Dozens of Nicaraguans who were jailed for taking part in anti-government protests have been released, a human rights organisation says.
The number of those released is not yet clear but witnesses said minibuses with inmates had left a number of jails.
The move comes just hours before talks between the government and an umbrella opposition group are due to resume.
The talks had stalled in June amid a crackdown on anti-government protests during which more than 300 people died.
The protests started in April and lasted for months before fizzling out after more than 700 people were arrested. Human rights group say more than 600 of those remain locked up.
Read more about Nicaragua's crisis:
- Why speaking out in Nicaragua is getting tough
- The people caught in the middle
- 'Ortega's Nicaragua crisis evokes memories of past''
- Downward spiral: Nicaragua's crisis
The release began in the early hours of the morning with some of the prisoners singing the national anthem when they were told they would be allowed to go home.
A judicial source told local media that between 100 and 150 would be moved from jails into house arrest.
Meanwhile, members of the opposition umbrella group Civic Alliance have arrived for talks on how to put an end to the political crisis.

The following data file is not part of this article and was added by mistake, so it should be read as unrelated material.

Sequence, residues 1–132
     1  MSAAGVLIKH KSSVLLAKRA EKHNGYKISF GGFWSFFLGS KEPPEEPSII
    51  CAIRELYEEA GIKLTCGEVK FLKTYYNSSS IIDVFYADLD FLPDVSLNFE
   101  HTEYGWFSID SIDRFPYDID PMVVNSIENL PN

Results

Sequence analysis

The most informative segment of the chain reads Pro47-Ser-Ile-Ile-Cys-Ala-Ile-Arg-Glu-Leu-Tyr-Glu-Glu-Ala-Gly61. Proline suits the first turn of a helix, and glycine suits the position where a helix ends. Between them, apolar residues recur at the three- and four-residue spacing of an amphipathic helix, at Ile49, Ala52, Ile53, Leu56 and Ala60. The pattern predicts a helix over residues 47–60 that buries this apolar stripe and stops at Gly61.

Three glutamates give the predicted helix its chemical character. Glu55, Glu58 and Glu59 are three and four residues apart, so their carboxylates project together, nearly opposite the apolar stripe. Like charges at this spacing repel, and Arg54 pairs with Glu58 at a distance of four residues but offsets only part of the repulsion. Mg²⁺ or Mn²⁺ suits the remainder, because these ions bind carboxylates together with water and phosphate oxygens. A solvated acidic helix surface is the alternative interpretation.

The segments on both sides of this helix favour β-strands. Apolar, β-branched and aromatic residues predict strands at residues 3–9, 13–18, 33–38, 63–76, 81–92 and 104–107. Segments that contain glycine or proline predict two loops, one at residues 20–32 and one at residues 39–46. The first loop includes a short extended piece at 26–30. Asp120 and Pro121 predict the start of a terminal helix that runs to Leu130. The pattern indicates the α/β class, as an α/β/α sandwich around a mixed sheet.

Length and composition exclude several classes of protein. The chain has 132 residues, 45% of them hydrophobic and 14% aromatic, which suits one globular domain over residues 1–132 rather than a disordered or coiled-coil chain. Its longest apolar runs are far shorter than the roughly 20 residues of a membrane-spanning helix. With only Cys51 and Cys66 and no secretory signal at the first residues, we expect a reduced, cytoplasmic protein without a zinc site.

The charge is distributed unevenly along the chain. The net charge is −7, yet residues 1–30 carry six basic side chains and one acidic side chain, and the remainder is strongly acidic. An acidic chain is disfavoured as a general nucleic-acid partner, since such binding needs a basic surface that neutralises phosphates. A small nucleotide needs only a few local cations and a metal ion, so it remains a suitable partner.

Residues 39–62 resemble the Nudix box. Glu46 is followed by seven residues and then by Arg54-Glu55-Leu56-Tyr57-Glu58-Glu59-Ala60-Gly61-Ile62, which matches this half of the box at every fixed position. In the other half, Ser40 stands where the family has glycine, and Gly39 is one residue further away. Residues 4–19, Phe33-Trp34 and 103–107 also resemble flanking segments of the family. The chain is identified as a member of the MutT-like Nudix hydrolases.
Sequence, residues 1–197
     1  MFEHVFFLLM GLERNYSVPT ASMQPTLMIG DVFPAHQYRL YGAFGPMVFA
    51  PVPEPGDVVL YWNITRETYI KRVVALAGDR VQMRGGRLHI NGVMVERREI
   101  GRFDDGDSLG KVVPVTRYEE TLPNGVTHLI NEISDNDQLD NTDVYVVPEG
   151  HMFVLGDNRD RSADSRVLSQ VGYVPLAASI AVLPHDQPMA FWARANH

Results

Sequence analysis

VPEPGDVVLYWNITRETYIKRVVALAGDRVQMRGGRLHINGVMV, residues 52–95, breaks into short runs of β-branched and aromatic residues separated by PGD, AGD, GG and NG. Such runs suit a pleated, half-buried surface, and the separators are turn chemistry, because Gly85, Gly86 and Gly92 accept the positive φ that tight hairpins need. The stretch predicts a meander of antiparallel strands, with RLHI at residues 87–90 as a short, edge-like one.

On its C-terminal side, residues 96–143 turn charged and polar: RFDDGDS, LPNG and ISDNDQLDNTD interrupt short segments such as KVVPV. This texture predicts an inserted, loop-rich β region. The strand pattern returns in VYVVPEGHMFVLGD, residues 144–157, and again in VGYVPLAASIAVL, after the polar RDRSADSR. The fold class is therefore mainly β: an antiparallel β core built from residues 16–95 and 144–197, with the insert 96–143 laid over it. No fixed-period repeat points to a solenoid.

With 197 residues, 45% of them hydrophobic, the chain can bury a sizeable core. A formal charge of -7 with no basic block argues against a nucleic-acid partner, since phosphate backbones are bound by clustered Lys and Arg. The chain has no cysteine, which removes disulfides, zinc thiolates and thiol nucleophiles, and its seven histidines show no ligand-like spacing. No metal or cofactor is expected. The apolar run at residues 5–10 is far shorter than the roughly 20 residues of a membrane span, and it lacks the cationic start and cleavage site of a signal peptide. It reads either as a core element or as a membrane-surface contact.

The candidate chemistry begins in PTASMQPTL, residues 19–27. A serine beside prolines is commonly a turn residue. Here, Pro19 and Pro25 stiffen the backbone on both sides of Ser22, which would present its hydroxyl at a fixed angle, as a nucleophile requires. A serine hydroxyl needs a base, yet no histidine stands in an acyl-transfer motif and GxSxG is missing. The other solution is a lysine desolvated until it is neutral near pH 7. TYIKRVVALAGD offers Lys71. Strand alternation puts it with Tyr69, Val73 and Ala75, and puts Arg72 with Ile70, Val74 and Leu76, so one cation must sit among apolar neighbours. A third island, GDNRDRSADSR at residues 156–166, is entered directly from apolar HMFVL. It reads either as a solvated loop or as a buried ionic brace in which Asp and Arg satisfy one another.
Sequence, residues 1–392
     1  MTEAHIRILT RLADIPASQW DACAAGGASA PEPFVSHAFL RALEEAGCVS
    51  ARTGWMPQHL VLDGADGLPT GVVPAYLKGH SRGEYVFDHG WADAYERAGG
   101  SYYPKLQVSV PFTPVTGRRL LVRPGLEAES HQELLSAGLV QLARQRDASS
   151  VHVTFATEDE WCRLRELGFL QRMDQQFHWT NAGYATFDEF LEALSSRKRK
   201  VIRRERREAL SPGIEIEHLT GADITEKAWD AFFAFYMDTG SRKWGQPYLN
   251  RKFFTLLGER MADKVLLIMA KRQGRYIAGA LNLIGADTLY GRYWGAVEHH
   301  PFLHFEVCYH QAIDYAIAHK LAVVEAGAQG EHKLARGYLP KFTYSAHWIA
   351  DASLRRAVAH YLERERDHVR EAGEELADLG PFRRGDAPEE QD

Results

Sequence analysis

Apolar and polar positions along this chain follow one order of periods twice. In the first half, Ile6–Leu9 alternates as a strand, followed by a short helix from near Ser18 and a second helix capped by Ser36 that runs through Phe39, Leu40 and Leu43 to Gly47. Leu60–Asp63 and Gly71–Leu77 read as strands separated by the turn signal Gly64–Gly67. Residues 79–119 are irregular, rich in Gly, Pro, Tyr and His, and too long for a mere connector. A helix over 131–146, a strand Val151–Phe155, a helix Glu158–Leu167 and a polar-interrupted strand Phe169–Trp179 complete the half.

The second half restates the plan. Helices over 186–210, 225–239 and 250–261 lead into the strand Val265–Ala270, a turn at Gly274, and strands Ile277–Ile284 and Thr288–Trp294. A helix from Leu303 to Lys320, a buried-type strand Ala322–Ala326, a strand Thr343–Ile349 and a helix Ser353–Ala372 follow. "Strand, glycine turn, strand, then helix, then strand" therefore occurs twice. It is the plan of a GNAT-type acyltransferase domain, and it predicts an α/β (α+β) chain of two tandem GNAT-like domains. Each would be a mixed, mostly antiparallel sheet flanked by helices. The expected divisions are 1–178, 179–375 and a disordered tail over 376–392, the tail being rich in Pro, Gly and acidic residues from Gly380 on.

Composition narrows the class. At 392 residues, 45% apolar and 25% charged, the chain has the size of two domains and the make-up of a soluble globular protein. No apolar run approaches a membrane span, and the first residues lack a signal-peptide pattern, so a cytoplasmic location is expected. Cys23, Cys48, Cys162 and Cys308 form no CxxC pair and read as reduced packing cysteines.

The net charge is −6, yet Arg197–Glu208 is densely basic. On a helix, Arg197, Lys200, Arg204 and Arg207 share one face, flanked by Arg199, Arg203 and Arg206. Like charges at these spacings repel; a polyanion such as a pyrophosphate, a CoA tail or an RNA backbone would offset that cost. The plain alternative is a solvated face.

Ahead of the meeting, they said that their key demand was for all of those arrested for protesting to be released.
Valeska Valle, a member of a student group and one of those representing the opposition at the talks, said that while they welcomed today's move as a positive sign but that it did not go far enough.
"They've been placed under house arrest, we want to insist on their freedom," she said.
The crisis first started in April when demonstrations against changes to the country's social security system widened into calls for the resignation of President Ortega, who has been in power for the past 12 years.
Talks to find a solution to the crisis broke down seven months ago after President Daniel Ortega ruled out calling early elections, which had been the opposition's chief demand.
Since then, hundreds of people have been jailed and opposition activists speak of "persecution" and "the most severe crisis in generations" for human rights.